The present invention is based on the recognition of the fact that it may be advantageous to filter pairs of frames that need not be temporally successive. In particular, it may be most advantageous to determine adaptively the order of frames to be filtered, individually for each group of frames (GOF) or GOP.

A method to encode video frames using adaptive temporal decomposition is disclosed in claim 1. An apparatus that utilizes the method is disclosed in claim 8.

A method to decode encoded video frames is disclosed in claim 7. A corresponding decoder is disclosed in claim 11.

According to the invention, frames are reordered at each temporal decomposition level in order to better reduce temporal redundancy. Reordering of frames is performed separately from the encoding process itself. This separation may be advantageous, because it allows keeping a predefined temporal decomposition scheme. The reordering is based on the computation of similarity measures between sets of L frames. In a simple version, a set is a pair, i.e. L=2. A similarity measure is determined using motion fields. The reordering process can be considered as an external process of the coder and does not modify its default structure. Hence it is possible to work as usual without this frame reordering.

The invention comprises:

    • a first criterion used to evaluate the similarity between different frame sets, and especially between pairs of frames; it is called local criterion;
    • a second criterion, based on the first criterion, used to perform the frames reordering at each level of the temporal filtering; it is called global criterion;
    • methods for deciding the optimal frames reordering of a GOF; one exhaustive method and one simplified method are proposed.

In a preferred embodiment of the invention, the order of the frames within a GOF is progressively determined, based on the measurement of a local similarity measure of a set of K frames. The inventive adaptive frame ordering includes the following steps:

Starting from scratch, a motion estimation is performed on each permutation of K frames among all the considered frames. The motion estimation computes a local similarity measure of the permutation.

The best permutation is chosen and gives the initial reordering of the frames. Then from this initial reordering, for each new possible permutation of the remaining non reordered frames, the motion and its associated local similarity measure is computed.

The best permutation is chosen and added to the set of already reordered frames. This process is repeated until all frames are reordered.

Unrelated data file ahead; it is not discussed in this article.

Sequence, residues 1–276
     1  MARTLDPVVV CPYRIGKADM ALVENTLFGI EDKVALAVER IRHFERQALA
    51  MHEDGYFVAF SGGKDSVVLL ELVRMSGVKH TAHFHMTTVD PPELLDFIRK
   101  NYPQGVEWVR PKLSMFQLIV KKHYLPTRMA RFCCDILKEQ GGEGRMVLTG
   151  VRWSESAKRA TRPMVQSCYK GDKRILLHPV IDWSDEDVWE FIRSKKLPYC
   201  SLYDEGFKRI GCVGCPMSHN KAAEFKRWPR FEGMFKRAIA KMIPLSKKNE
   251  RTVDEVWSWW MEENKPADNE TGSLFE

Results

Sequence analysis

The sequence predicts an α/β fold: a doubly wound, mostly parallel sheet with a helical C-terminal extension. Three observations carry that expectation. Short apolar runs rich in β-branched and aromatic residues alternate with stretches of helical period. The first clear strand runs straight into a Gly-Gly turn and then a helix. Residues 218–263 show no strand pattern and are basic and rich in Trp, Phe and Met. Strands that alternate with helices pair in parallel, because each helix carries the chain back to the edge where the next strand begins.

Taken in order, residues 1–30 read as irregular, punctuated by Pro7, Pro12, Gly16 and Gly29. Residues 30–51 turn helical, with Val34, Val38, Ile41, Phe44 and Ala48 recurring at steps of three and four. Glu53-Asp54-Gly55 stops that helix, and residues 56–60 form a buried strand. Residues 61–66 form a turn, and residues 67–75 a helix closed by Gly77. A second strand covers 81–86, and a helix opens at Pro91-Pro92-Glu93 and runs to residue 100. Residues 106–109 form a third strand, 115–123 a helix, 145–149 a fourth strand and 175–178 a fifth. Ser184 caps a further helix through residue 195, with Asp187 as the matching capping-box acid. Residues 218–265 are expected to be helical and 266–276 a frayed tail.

Consequently, the selected reordering must be known for establishing the original sequence of frames after decoding. This can be achieved e.g. by transmitting the filtering mode for each filtering step, or the sequence numbers of the frames, or by defining unique identifiers for all possible or allowed permutations of frames and transmitting the identifier for the used permutation, so that it can be reversed.

Advantageously, the adaptive ordering of frames can be recursively applied to further or all temporal decomposition levels of the MCTF.

A method for decoding wavelet encoded video data structured in groups of frames and being encoded using MCTF includes the steps of

    • performing spatio-temporal synthesis of subgroups of frames within a temporal level; and
    • temporally reordering the frames within the temporal level according to reordering information which can be extracted from the encoded video data.

The decoding method may apply the re-ordering of the frames to those temporal levels where frames were adaptively ordered by the encoding method. The reordering information may comprise for a specific re-ordering the level where to apply it.

An encoder according to the invention includes

    • a motion estimation unit working on a set of frames and providing a local similarity measure between these frames;
    • means for progressively reordering frames based on the evaluation, using the motion estimation process, of each possible permutation of not yet reordered frames;
    • means for filtering the reordered frames in the optimal sequential order; and
    • means for associating the identifier for the optimal sequential order of frames with the encoded bitstream.

Correspondingly, a decoder according to the invention includes

    • means for performing spatio-temporal synthesis of subgroups of frames within a first temporal level; and
    • means for temporally reordering the frames within the first temporal level according to reordering information, the reordering information being extracted from the encoded video data. Synthesis is in video coding commonly known as the process that is reverse to filtering, and uses very similar or even identical structures, e.g. filters.

An advantage of the invention is that the reordering process gives more efficiency to the temporal filtering, thus reducing the coding cost, since the best matching sets of frames of a GOF can be used for filtering. Another advantage of the invention is that it may be performed separately from the encoding process, with a limited complexity. Another advantage of the invention is its generality, since it is not limited to the case of temporal filtering and motion estimation applied on pairs of frames, but it may consider the generic case of any number of frames.